April 12, 2013 4th Circuit published opinion

Jane Doe v Virginia Department of State Police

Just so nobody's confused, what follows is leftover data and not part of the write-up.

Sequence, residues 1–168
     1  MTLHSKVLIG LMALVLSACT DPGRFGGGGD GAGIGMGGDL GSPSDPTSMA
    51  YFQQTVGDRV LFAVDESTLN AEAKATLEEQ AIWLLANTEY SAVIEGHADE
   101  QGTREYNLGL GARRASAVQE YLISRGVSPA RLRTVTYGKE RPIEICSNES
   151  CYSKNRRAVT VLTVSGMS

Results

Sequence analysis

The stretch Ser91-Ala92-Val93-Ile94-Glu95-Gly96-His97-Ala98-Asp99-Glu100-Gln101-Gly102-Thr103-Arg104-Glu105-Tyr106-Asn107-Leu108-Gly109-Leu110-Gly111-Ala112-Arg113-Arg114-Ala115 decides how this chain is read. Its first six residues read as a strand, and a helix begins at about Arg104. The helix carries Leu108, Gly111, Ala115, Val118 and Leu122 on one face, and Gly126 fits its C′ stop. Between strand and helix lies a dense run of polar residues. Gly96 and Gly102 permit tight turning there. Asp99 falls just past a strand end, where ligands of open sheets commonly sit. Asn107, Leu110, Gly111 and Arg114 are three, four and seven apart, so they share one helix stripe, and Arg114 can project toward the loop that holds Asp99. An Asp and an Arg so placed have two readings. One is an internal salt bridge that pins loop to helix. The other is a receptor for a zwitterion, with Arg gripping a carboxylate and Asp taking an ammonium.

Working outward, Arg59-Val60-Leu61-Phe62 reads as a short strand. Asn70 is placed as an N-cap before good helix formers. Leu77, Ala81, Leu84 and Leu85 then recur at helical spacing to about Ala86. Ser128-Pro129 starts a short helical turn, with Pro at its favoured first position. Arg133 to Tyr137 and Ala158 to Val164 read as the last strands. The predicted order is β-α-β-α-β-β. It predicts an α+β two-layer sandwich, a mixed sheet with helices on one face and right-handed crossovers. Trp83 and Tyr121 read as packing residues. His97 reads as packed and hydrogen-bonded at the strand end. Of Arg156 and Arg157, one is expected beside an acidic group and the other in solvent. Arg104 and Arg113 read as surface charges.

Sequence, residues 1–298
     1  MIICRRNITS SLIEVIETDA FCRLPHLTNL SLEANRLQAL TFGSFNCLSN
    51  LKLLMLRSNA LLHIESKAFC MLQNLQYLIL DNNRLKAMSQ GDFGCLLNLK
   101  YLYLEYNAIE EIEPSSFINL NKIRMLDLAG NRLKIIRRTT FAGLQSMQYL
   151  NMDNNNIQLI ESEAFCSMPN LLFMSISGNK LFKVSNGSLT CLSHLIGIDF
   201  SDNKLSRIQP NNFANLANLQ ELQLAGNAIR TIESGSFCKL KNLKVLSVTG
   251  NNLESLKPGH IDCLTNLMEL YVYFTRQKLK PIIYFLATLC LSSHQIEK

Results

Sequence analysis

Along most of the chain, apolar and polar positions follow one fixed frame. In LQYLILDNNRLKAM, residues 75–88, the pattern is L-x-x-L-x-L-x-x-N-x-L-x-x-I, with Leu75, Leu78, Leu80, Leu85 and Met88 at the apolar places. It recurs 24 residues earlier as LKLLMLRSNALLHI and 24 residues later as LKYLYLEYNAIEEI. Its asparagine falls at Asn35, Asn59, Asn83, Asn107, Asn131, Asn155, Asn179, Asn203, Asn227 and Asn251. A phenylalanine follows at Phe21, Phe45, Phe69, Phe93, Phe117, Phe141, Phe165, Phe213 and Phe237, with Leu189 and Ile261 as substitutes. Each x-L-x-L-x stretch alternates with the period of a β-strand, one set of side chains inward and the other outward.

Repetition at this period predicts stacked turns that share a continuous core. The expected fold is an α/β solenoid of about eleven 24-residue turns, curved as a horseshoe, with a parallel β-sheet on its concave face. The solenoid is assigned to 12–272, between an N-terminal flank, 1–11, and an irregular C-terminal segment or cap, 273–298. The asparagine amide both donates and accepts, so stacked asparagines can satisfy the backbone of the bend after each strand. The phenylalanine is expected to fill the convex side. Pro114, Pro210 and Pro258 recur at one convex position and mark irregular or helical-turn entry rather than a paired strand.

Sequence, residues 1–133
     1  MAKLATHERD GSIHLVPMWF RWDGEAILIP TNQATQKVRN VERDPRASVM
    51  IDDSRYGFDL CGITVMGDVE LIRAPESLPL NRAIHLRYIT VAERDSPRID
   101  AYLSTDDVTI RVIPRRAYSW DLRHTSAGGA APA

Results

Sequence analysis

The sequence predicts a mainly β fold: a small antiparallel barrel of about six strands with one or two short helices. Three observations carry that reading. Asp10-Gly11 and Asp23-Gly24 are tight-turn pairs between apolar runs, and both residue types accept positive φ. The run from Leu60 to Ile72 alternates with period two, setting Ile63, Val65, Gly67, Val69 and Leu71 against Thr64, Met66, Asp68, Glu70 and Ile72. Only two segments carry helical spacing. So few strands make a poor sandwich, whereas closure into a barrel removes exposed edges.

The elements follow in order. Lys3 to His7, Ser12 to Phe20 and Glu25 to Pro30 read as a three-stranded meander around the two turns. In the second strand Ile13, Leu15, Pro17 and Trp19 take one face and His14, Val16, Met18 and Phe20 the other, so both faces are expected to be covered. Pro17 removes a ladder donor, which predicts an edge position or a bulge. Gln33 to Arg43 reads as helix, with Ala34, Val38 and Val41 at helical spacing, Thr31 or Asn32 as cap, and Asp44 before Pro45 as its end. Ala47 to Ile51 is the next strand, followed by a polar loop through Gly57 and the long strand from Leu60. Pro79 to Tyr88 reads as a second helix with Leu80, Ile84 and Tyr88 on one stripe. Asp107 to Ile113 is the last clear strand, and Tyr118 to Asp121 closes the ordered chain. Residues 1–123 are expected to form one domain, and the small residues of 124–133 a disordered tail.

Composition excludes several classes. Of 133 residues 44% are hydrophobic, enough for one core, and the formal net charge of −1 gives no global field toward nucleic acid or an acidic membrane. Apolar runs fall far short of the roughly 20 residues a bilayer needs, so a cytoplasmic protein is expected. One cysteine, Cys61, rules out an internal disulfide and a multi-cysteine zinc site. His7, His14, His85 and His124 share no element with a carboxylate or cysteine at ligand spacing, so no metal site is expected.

Doe was convicted of sexual abuse. Because of a change in Virginia law, she was classified as a violent sexual offender and placed on the sex offender registry. As a consequence she was prohibited form being on school of church properties when children were present. Without petitioning the state trial court or any school or church for access, she sued in federal court alleging violation of her constitutional rights. The district court dismissed all but one procedural due process count on standing grounds and dismissed the remaining count for failure to state a claim. The panel, 2-1 affirmed. The majority held that because Doe failed to petition the state trial court or any school or church for access, she failed to demonstrate any injury or any traceable or redressible harm. As to the procedural due process count which alleged injury from being listed on the registry, the majority held she had standing and the challenge was ripe, but, her claim was indistinguishable form one rejected by the united states Supreme court and dismissal was correct. One judge separately concurred reiterating that federal review is not appropriate yet because Doe has not taken the required steps of seeking permission form the state trial court and a school board for access. Until she does and is denied access, there is no live controversy and thus no case for the federal courts to exercise jurisdiction. The dissent argued that the case was ripe for adjudication as Doe has standing because the harm is caused by the statutory reclassification of Doe as a violent sexual offender despite the fact that she did not use violence is committing her crime. Thus, there is no need to for Doe to file in state court or with the board as neither of these entities can relive her form the designation. Declaring himself floored by the majority’s unwillingness to hear the case, he further expressed concern that this decision will prevent plaintiffs from enforcing important constitutional and civil rights in the future.

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